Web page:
UNC Charlotte’s Christine Reed Davis, Associate Vice Chancellor for Student Affairs and Dean of Students, has been awarded the Melvene D. Hardee Dissertation of the Year Award by the National Association of Student Personnel Administrators. Davis was selected for the award in a competitive field of submissions from across the country and will be recognized at the NASPA annual conference in March.
Davis said this achievement for her dissertation, titled “A Phenomenological Case Study of Faculty and Staff Experiences in Green Zone Training to Support Student Veteran Transition into Higher Education,” is a major honor because of her support from the University and the subject matter of the study.
"It is an incredible honor, and really culminates all of the work that I did in my research and the ways in which my faculty supported me,” Davis said. “It's really an honor for me to represent our educational leadership program in the Cato College of Education, and to represent my dissertation chair, Dr. Jae Hoon Lim, who also does a lot of work in researching veterans. It's also an honor to shed light on our veteran students, and the types of resources and the support that they need in transitioning from the military to higher education."
The findings from Davis’ dissertation revolved around what Charlotte’s faculty and staff experienced during Green Zone training sessions, which are designed to provide a deeper understanding and appreciation of the veteran and military experience. Davis said one of the most salient findings of the study was the impact Green Zone participants expressed in connecting a name and face to student veterans’ experiences, which allowed for increased compassion, empathy and understanding of the student veteran transition.
Choosing the subject matter of former military moving into the college atmosphere was one that made sense for Davis. She said her experiences with the military, both in her family and in her work, made it a topic close to her heart.
"I have both a personal and a professional connection to veterans,” Davis said. “Personally, both of my grandfathers, my father, my brother-in-law and my sister-in-law are all military. Professionally, while I was a senior associate dean at UNC Charlotte, I helped to create what is now our Veterans Services Office.”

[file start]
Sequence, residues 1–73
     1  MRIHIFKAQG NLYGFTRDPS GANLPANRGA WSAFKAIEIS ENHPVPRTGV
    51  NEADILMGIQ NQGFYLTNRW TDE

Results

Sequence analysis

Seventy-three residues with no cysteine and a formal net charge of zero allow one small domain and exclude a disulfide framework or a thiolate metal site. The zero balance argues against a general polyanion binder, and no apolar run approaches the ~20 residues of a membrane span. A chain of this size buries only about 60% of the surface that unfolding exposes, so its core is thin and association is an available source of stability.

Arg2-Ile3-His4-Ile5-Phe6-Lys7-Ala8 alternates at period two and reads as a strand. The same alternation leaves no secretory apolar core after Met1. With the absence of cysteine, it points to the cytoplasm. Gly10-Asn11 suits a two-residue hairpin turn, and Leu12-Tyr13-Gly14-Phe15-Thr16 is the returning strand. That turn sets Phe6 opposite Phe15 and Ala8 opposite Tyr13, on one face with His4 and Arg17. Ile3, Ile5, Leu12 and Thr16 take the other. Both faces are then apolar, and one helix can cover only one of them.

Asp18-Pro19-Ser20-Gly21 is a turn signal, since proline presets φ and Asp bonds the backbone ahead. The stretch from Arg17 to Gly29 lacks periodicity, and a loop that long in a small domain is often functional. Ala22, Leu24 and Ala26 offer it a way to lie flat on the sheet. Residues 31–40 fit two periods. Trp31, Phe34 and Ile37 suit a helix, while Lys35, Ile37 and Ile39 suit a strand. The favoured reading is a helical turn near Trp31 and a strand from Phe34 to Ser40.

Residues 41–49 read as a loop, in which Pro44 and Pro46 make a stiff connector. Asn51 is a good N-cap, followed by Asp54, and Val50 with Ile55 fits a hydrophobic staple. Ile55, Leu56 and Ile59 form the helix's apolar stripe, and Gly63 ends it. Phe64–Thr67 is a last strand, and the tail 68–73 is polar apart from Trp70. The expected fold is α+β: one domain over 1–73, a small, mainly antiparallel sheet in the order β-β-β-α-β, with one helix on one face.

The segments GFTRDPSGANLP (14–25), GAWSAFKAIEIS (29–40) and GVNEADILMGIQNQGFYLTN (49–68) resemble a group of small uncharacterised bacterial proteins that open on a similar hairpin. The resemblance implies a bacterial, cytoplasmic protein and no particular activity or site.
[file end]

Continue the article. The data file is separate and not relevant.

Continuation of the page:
Davis said that her conversations with student veterans about their journey from military service to college was the impetus for researching the topic.
“When I got into my graduate program, everyone was always asking: 'What are you going to research? What's your dissertation about?'" Davis said. "I kept coming back to this population of students that I think is often overlooked. With our University’s founding mission being to serve World War II veterans returning from war, I felt that it was a great culmination of my personal and professional interests.”
A dissertation regarding this subject led to a substantial amount of work thanks in part to over 20 interviews, color coding themes from the interviews and putting it all together for the findings.
In all, there were about 600 pieces of data she identified, and the coding of themes took at least 100 hours to complete. Davis said becoming this year’s Hardee Dissertation of the Year winner was some justification for all the effort she put into the case study.
"I did two sets of interviews with each of my participants, and two sets of interviews with the Green Zone facilitators. That's a lot of transcribing, that's a lot of reading through those interviews multiple times looking for themes,” Davis said. “It was really a lot of work, but I felt that I was very much connected to the information and really knew what I was talking about when I started to write it up. Receiving an award like this is just affirmation that it was all worth it, because honestly there were times when I was like 'Why am I doing this? Why have I chosen this?' But I loved hearing the stories.”
Davis, who earned her doctorate in education at Charlotte, said she is also proud of this honor because of the journey it took to get there.
"I've been able to intersect a lot of my identities here at Charlotte. I’m a staff administrator. I'm the parent of a UNC Charlotte student who's going to graduate in May. I'm now an alum of the University, so I have experience as a student myself,” Davis said. “The perseverance in finishing this degree and being an award winner twice, once at the University through the Cato College of Education and now nationally, is just very rewarding and humbling for me."